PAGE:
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Hoffmann, R. A wiki for the life sciences where authorship matters. Nature Genetics (2008)
 
 
 

Mal3, the fission yeast homologue of the human APC- interacting protein EB-1 is required for microtubule integrity and the maintenance of cell form.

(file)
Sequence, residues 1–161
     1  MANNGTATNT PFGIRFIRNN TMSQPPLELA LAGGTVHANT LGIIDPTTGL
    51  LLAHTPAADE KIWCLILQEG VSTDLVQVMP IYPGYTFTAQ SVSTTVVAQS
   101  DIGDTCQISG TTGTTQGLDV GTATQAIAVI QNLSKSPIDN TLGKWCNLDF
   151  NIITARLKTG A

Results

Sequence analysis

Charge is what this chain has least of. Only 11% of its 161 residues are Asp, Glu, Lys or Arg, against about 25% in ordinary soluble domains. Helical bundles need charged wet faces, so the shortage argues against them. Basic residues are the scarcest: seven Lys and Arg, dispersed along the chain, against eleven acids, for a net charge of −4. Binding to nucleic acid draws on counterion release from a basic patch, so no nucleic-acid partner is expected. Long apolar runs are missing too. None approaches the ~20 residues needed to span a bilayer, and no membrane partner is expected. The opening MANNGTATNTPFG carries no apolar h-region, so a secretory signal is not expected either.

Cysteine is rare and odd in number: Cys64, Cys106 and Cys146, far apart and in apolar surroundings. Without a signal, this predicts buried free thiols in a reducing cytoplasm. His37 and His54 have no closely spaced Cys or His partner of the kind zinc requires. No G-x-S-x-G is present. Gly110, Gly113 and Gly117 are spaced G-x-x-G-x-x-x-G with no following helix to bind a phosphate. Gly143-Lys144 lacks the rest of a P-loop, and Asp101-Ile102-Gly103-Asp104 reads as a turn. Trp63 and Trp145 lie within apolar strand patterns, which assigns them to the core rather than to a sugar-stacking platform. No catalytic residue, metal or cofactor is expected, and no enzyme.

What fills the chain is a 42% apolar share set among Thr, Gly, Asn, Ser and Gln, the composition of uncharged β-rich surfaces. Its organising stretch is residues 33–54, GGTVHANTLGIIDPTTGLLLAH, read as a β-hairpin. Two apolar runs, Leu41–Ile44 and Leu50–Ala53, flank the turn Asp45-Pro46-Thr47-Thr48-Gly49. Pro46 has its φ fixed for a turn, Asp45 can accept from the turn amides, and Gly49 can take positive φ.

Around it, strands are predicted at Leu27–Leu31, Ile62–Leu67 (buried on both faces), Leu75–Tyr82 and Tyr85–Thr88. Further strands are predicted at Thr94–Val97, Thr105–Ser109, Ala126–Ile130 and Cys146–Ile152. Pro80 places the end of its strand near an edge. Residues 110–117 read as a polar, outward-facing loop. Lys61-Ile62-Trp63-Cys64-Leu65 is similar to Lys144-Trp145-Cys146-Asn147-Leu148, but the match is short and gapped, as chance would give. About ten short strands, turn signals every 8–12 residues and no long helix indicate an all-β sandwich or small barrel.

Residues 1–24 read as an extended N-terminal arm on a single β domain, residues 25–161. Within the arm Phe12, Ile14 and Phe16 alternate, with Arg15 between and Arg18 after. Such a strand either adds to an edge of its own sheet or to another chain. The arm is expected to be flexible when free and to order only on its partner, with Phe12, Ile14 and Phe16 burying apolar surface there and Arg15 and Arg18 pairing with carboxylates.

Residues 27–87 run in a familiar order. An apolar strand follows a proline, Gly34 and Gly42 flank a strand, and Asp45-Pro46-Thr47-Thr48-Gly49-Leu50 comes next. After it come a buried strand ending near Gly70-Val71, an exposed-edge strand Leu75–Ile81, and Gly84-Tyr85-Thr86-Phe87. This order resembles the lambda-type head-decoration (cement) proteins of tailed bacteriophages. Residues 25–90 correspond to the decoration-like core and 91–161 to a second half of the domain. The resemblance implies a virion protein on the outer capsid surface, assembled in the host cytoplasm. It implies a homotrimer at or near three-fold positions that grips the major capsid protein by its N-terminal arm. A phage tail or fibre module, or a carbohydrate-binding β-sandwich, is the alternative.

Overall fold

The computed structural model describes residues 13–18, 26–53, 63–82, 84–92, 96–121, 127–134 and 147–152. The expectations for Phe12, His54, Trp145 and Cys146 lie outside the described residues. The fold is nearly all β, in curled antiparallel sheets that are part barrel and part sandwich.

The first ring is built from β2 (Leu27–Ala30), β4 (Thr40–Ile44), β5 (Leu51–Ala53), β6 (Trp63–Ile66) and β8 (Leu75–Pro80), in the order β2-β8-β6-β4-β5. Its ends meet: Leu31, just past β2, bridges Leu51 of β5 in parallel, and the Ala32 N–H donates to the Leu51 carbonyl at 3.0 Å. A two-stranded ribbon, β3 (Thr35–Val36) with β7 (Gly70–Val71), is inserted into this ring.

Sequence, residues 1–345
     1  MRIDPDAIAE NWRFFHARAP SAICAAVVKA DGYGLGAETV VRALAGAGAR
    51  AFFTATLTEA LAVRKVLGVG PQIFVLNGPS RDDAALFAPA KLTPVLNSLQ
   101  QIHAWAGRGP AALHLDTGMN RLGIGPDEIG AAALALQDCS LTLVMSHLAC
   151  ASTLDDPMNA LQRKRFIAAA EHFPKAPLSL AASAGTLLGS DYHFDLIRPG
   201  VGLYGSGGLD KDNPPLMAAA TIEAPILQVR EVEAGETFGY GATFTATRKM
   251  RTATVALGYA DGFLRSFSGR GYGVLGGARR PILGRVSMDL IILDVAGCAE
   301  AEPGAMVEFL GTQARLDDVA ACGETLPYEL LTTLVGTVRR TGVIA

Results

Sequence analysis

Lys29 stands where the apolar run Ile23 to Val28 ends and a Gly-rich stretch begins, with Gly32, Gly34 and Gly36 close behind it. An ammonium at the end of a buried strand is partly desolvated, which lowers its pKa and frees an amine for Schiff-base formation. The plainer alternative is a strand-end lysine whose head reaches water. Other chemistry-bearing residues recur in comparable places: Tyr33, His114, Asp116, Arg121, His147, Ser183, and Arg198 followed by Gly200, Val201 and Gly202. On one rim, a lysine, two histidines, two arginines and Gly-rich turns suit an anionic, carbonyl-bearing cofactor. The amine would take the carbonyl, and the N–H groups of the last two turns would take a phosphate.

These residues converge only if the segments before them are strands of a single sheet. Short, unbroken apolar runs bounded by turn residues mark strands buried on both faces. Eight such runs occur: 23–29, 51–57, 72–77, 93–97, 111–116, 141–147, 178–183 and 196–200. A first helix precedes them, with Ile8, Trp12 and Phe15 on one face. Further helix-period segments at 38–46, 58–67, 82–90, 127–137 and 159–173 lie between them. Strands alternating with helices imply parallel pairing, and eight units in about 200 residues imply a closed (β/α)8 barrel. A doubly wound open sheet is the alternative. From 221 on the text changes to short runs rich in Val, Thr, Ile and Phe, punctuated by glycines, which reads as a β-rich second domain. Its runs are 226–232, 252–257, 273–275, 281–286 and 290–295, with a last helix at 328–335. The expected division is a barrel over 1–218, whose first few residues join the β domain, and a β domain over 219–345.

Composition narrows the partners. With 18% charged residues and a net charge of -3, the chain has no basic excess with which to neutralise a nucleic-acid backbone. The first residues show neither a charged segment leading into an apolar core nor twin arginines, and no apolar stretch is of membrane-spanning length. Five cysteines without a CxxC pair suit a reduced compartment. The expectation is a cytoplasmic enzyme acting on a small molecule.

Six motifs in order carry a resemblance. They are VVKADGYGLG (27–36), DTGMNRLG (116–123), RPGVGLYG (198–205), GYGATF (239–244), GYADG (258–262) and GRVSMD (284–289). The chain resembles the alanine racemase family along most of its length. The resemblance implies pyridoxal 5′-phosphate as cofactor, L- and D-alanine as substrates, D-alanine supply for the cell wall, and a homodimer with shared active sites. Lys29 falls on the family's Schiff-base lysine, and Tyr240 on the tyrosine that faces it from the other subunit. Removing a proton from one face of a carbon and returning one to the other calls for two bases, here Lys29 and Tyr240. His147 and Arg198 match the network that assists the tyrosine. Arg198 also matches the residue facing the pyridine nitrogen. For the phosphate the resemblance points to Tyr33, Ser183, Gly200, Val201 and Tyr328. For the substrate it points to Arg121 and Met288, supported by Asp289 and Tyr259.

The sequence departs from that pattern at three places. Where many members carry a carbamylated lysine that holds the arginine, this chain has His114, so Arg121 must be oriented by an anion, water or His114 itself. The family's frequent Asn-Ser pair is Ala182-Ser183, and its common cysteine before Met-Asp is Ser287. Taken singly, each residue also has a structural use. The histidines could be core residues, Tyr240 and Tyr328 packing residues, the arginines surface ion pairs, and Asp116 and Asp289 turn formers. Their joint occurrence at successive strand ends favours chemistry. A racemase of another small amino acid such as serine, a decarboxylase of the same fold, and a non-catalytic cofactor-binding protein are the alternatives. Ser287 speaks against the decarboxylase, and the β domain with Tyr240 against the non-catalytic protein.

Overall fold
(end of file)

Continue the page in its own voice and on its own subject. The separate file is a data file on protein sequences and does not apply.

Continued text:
Through a screen designed to isolate novel fission yeast genes required for chromosome segregation, we have identified mal3+. The mal3-1 mutation decreased the transmission fidelity of a nonessential minichromosome and altered sensitivity to microtubule-destabilizing drugs. Sequence analysis revealed that the 35-kD Mal3 is a member of an evolutionary conserved protein family. Its human counterpart EB-1 was identified in an interaction screen with the tumour suppressor protein APC. EB-1 was able to substitute for the complete loss of the mal3+ gene product suggesting that the two proteins might have similar functions. Cells containing a mal3 null allele were viable but showed a variety of phenotypes, including impaired control of cell shape. A fusion protein of Mal3 with the Aequorea victoria green fluorescent protein led to in vivo visualization of both cytoplasmic and mitotic microtubule structures indicating association of Mal3 with microtubules. The absence of Mal3 protein led to abnormally short, often faint cytoplasmic microtubules as seen by indirect antitubulin immunofluorescence. While loss of the mal3+ gene product had no gross effect on mitotic spindle morphology, overexpression of mal3+ compromised spindle formation and function and led to severe growth inhibition and abnormal cell morphology. We propose that Mal3 plays a role in regulating the integrity of microtubules possibly by influencing their stability.[1]

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